Happy harvest everyone!
We have officially kicked off the 2017 vintage here at Bergstrom Wines. 2017 Marks my 21st year of making wine in Oregon’s Willamette Valley. Being that I am now 42 years old, I guess that means I have now been doing this for half of my life. Time flies when you are having fun I guess.
After one of the coldest, harshest, darkest and wettest winters in recent memory, Oregon’s Willamette Valley experienced one of the driest and warmest summers with extreme temperature peaks and a lot of forest fire smoke from more than 18 active fires in our cascade range and in the Columbia River Gorge.
Mother nature gave us a bumper crop this year with larger clusters that were heavy and dense. So we have dropped crop already three times in our vineyards to bring yields back down to a qualitative point for winemaking targeting 2.25 tons per acre in Pinot Noir and 2.75-3.0 tons per acre for Chardonnay. The fruit this year is very healthy although we had a fair amount of disease pressure in the spring with wet days and warm humid conditions.
September 7th, we started our harvest with Chardonnay as we are looking for higher acids and lower sugars with this varietal for our Sigrid program. The quality is very high and we were able to pick our Chardonnay blocks from Le Pre du Col, Winery Block, Bergstrom Vineyard and Silice at the perfect moment where natural acidities were beautiful and natural alcohol potential was 12.5-13.0%. This could be a fantastic year for Oregon Chardonnay!
We have yet to pick our Gregory Ranch and Temperance Hill Chardonnays as these cooler sites with higher elevations are still not yet ready but are well poised to provide us with excellent brightness of acidity and concentration of flavors as we look to pick them this week.
We started our Pinot Noir harvest with Bergstrom Vineyard blocks 1 and 2 per tradition and then we picked some Silice Vineyard from block 4 which is also one of the first on an annual tradition. As in many of our recent years all tanks are being filled with 100% whole clusters of Pinot Noir. There is no destemming so that our wines can undergo a slight carbonic maceration and then undergo their alcoholic fermentations with stem inclusion to coax out the savory and the saline expression from our Biodynamic vineyard sites.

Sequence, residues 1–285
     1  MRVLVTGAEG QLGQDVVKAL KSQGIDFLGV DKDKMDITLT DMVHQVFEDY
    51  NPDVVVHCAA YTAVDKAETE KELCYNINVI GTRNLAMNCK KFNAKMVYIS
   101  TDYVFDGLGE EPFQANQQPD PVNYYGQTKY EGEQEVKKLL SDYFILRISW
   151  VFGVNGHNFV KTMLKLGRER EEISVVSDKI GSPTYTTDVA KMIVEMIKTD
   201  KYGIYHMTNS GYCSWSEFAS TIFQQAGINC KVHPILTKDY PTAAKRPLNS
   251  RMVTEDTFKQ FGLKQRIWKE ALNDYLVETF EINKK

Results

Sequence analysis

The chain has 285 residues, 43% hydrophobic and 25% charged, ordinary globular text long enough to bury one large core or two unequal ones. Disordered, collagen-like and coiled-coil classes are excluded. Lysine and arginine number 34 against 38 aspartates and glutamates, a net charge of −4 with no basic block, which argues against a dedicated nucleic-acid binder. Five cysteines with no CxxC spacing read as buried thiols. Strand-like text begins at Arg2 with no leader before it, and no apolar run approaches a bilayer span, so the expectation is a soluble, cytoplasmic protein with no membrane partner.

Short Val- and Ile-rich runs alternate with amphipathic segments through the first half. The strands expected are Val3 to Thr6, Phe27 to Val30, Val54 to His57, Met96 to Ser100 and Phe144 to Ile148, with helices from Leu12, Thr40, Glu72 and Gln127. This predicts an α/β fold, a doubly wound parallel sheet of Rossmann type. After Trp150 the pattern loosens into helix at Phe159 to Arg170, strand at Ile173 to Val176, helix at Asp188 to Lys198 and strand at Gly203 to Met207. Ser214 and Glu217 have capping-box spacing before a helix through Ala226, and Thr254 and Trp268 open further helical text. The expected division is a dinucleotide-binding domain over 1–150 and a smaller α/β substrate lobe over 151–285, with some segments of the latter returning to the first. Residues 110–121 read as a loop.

The Syrah from Les Collines in Walla Walla was also harvested this week to kick off the gargantua harvest and it looked beautiful. For those of you who do not know, we trade a little bit of fruit with Greg Harrington and Brandon Moss from Gramercy Cellars. We give them some Le Pre du Col Pinot Noir which they bottle for their club members and we get Les Collines Syrah in return which we bottle as our Washington gargantua label syrah alongside the California Syrah from Bien Nacido Vineyard and the Oregon Syrah from Symbion and Folin Vineyards.
The first rain of the harvest blew in two days ago and dropped about 3/4 to one inch of rain in the form of dramatic showers with thunderstorms and windy conditions. It finally feels like fall, the smoke from the fires has cleared out and the leaves on trees are beginning to turn color. After all, we saw more than 80 days without rain in the Willamette Valley this summer, so a little fall shower really feels refreshing.
This week we look to really jump into the harvest literally with both feet as we plan on harvesting most of the Bergstrom Vineayrd, Le Pre du Col, The winery block and Silice.
Stay tuned! And I wish all of my friends and colleagues a spectacular harvest for 2017. May all of your vinification dreams come true.